Posted from the US
I have been a vegetarian (technically a ovo-lacto vegetarian) since I was about 11 (when I became acutely aware where my hamburger was coming from).
There is much debate about this semi-vegetarian idea, which can be broken into roughly 2 camps:
- Those who embrace it as "eating less meat is good, let's not be puritanical about it"
- Those who are absolutist "vegan or die!"
Here is one opposing view to the whole idea of being a semi-vegetarian:
(Peter Singer and a few others take a bashing here).
One of the current "it" authors out there is Jonathan Safran Foer, who wrote about (and has influenced) the "new" vegetarian ideas:
The whole thinking seems to be more about anti-factory farming, anti-pollution - "the earth factor, the gross factor". It seems that the friendly, organic meat farm is not seen as the same level of scary Evil as the factory farm - so eating meat that has been hand-raised and treated well is not seen as problematic.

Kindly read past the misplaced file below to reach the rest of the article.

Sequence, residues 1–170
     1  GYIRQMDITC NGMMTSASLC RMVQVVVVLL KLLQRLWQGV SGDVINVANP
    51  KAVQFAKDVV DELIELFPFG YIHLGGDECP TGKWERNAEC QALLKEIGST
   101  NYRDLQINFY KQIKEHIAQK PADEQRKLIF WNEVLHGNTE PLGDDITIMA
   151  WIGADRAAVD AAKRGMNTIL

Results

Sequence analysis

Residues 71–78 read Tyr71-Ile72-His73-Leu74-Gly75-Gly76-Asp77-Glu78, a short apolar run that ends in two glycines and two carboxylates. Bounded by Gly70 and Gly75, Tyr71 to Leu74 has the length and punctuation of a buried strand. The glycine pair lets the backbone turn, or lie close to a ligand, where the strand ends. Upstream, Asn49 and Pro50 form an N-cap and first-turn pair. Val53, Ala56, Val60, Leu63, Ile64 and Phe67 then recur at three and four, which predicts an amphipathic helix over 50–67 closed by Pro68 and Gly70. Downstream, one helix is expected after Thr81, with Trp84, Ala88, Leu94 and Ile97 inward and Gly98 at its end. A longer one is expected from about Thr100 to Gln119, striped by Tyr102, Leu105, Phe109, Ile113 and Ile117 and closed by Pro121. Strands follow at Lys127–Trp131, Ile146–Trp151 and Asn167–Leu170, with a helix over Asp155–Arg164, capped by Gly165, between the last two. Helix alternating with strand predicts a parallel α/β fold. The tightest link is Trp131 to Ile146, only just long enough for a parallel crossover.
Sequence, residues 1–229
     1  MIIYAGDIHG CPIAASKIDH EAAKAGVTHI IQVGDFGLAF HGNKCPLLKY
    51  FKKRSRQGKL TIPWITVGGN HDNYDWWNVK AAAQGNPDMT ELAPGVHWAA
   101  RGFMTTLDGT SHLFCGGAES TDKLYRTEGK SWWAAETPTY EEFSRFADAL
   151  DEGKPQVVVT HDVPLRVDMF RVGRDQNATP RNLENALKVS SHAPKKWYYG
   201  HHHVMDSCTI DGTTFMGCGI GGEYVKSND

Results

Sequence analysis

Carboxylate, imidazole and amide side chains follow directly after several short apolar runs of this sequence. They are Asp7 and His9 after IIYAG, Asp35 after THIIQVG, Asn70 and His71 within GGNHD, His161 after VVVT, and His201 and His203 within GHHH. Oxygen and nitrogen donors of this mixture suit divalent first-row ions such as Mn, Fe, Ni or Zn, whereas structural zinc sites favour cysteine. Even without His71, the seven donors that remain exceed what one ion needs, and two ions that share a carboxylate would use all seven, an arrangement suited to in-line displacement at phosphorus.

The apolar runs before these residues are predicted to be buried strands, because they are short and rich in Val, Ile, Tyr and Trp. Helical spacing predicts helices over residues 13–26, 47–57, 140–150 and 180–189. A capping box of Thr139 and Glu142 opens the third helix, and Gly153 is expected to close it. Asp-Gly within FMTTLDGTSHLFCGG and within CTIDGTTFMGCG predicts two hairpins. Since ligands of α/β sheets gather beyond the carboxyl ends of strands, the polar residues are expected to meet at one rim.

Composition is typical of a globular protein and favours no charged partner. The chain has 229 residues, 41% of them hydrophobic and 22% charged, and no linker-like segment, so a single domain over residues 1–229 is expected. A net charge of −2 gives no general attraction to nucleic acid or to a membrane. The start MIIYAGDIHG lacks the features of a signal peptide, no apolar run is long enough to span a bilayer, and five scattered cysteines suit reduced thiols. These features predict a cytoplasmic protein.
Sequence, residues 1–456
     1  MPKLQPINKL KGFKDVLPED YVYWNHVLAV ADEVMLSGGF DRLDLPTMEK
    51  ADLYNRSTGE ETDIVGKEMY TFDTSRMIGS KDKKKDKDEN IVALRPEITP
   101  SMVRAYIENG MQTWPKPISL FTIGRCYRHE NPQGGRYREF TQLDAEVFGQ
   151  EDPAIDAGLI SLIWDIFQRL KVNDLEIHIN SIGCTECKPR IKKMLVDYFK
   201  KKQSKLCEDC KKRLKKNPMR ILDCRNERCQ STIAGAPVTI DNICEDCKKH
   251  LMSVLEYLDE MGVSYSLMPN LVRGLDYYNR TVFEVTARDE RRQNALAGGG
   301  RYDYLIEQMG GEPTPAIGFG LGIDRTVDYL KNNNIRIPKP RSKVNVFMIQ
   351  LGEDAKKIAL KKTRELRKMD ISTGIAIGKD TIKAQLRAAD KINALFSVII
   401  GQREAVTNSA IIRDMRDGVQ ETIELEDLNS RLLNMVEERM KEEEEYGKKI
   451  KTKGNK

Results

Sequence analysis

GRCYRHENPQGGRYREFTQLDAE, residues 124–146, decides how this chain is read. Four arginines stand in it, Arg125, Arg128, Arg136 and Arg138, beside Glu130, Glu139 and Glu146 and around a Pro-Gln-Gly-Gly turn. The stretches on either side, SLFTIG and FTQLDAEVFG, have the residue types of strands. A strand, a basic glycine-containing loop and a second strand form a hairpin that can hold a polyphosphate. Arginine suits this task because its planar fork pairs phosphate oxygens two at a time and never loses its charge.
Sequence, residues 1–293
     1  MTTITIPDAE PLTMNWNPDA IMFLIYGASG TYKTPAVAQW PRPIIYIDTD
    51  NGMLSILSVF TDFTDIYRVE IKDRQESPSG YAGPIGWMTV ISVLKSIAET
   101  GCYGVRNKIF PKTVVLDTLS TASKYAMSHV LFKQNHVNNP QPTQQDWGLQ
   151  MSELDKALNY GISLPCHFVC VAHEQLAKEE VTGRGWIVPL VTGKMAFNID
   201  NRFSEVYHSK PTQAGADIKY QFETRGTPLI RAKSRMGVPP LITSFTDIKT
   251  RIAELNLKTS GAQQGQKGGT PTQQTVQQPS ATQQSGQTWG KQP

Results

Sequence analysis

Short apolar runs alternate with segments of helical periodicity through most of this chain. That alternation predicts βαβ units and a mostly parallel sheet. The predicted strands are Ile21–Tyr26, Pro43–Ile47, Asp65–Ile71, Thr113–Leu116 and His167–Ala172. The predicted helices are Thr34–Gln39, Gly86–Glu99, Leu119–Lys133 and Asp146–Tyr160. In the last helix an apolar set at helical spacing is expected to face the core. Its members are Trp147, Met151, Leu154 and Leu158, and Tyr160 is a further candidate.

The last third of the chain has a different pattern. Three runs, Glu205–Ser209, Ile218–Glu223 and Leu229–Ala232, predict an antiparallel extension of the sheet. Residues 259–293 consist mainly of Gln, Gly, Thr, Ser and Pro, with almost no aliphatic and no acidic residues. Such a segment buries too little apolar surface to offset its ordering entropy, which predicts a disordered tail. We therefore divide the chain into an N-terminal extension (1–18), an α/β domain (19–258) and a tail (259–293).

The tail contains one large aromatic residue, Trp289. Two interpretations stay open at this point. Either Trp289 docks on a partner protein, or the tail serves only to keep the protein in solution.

There surely is a difference between the factory farm and the small, well cared for organic farm on the scale of Evil (let's reference Google's Do No Evil Unless We Can Make $ here). The factory farm's Evil points must rank higher. The small organic farm's motto is "We Are Not As Evil".
But come on - what are they doing? They are both basically killing animals for us to eat.
There is a binary position here:
- Do I eat animals that needed to die for me to eat this sandwich/soup/burger?
- Perhaps my fleeting hunger can be satisfied better without ending an animal's life?
Our hunger is not binary - there are many, many, many non-killing ways to eat, and we can eat really, really well without meat. But for the animal it's very binary: I live, I don't live.
So while I'm all for reducing the amount of animals that are suffering and eaten, the real change that we need in people is one from being selfish to unselfish:
- Selfish - I'm vegan/vegetarian because it is healthy/fights cancer/I can lose weight/it's trendy
- Unselfish - I'm not eating meat because no animal has to die to fill my belly
As humans we are granted very little power and control over life - but we have immense power and capabilities over death. Too much actually. Being vegetarian can be about giving up our power to kill - we surely have it, but do we need to use it?
When we are young the cold, harsh realities of life are hidden from us. But as we grow up the veil is lifted and we peer into this dark place. But we can look into that abyss and refuse to partake of it.